The Federal Reserve and European Central Bank both hand down interest rate decisions this week. They’re each expected to raise interest rates by 25 basis points, the greater focus will be on signalling from policy makers on whether more hikes are likely – or if they plan an extended pause.
The outlier is the Bank of Japan, whose officials see little urgent need to address the side effects of its yield-curve control program at this point, though they expect to discuss the issue, according to people familiar with the matter.
In Australia, the big data drops are CPI on Wednesday and retail sales on Friday.
Shane Oliver, head of investment strategy and chief economist at AMP: “Inflation is likely to show a further fall in the June quarter with quarterly CPI inflation falling to 1 per cent qoq or 6.2 per cent yoy from 7 per cent yoy in the March quarter. This would be the slowest quarterly increase since the September quarter 2021.”
Tapas Strickland, head of market economics, markets at NAB: “While we pencil in trimmed mean inflation of 1.1 per cent q/q and 6.0 per cent y/y to be in line with the RBA’s May SoMP of 6.0 per cent y/y (consensus 1.1/6.0), we expect the details around services to be less favourable, flagging the risk of a slower return of inflation to target than in the May SoMP profile.”
Meanwhile on Wall Street, the bear market that engulfed the S&P 500 is a mere 260 points from being completely erased, fewer than 20 months after it began. Rather than foretelling trouble, chart patterns tracking everything from cross-asset momentum to transportation companies are painting a picture of burgeoning economic vigor.
Investors have pushed stocks up for the eighth time in 10 weeks. Should the optimism persist, last year’s bear market has a shot at being unwound faster than all but three of its predecessors since World War II.
“I’m shocked that the Fed has really pulled off the soft landing and everybody is caught underweight equity exposure,” said Dennis Davitt, co-manager of the MDP Low Volatility Fund. “As people have to get right sized on their portfolio, they’re going to have to come in and buy, and every day gets harder.”
US Treasuries have surged in recent weeks, sending yields on policy-sensitive two-year notes down nearly 30 basis points from this year’s peak of 5.12 per cent reached on July 6.
Now, with a quarter-point hike baked into the July 26 decision, the swaps market is pricing only a one-in-three chance of an increase later this year — down from more than 50 per cent odds earlier this month.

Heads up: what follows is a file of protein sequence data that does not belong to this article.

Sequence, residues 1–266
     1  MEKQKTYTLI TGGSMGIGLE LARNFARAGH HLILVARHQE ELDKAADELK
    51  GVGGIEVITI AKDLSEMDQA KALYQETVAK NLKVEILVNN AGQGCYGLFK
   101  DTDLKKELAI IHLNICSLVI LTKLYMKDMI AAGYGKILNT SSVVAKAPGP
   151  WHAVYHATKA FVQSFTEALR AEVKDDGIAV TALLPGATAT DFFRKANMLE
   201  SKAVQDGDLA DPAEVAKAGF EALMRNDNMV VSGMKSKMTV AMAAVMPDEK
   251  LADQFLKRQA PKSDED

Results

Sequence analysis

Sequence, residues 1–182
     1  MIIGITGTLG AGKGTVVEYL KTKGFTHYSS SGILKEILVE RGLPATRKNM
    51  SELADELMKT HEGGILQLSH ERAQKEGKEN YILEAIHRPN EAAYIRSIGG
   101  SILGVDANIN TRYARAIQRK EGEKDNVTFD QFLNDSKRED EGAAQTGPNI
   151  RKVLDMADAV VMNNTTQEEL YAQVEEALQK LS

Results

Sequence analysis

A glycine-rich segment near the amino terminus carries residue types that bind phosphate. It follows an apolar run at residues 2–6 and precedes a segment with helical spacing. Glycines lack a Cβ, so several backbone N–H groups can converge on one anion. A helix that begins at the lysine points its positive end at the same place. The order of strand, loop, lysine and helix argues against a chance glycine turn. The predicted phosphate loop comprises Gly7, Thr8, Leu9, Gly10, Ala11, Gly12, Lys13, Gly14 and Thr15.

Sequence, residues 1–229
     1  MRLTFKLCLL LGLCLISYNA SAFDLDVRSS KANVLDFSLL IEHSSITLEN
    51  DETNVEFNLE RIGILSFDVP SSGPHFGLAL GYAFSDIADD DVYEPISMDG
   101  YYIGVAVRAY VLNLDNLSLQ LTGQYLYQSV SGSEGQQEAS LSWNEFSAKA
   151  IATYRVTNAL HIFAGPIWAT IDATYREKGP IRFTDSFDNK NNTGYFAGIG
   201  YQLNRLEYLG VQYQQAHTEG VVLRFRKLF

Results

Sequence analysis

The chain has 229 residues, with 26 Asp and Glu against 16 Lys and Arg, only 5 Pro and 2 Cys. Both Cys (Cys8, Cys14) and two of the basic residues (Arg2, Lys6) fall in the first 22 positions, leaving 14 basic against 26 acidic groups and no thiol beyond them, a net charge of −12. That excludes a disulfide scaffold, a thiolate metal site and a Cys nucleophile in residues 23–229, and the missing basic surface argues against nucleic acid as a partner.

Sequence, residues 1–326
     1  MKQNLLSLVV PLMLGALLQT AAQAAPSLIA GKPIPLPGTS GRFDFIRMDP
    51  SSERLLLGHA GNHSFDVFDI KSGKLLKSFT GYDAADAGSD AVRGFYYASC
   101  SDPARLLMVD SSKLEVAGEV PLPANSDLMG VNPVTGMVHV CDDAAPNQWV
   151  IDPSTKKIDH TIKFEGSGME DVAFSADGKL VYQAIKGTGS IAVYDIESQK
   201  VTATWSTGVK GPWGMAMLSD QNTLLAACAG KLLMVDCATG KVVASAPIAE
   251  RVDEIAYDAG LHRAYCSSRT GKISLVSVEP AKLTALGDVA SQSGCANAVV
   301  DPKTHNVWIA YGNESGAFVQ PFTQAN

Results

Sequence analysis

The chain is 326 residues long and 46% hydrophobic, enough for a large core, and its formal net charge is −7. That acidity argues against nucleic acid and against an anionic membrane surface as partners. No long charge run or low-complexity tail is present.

Local: NZ trade balance June
Overseas data: Euro zone Markit manufacturing PMI and manufacturing services June; US Chicago Fed Nat. Act. index June; US Markit manufacturing PMI and services PMI July
Owners slam ‘reckless’ Andrews’ rent cap plan: Australia’s largest real estate group warned a plan by Victorian Premier Daniel Andrews to introduce rental caps and freezes will be make the rental crisis worse.
Adapt or die’: crunch time for office towers as big tenants bail out: Various office towers across Sydney and Melbourne are set to have tens of thousands of office space vacant with many leases set to expire in the next 12 months.
Republicans’ first Millennial candidate wants an American revolution: While Florida governor Ron DeSantis is still seen as the Republicans’ second choice for presidential candidate, Vivek Ramaswamy is quickly gaining ground. He is worth almost $1 billion and acknowledges people think his policies are extreme.
ASX futures were up 29 points, 0.4 per cent, to 7300 points at 5.38am on Monday.
- AUD -0.7% to 67.29 US cents
- On Wall St: Dow flat S&P flat Nasdaq -0.2%
- In New York: BHP -0.2% Rio -0.2% Atlassian -0.7%
- Tesla -1.1% Apple -0.6% Amazon flat
- Bitcoin +0.2% to $US29,959
- Stoxx 50 +0.4% FTSE +0.2% DAX -0.2% CAC +0.6%
- Spot gold -0.4% to $US1,961.94 /oz
- Brent crude +1.4% to $US81.07 a barrel
- Iron ore $US113.20 a tonne
- 10-year yield: US 3.83% Australia 4.01% Germany 2.46%
Investors piled into tech stocks, while distancing themselves from the broader equity market, according to a weekly fund flow report from Bank of America.
Tech funds attracted $US1.8 billion in the week to July 19, pulling in money for the fourth consecutive week, and posting “strong inflows” over the past eight weeks, strategist Michael Hartnett said in a note on Thursday, citing EPFR Global data.
As buzz builds into the premieres of Barbie and Oppenheimer, some on Wall Street are doubting whether the films will be enough to power further gains in movie-theatre stocks as a strike by Hollywood writers and actors clouds the outlook for the industry.
JPMorgan downgraded its recommendation on Cinemark this week, saying the actors’ walkout limits visibility into the film supply. Analyst David Karnovsky noted that the strike has already halted production for several movies slated for the second half of next year.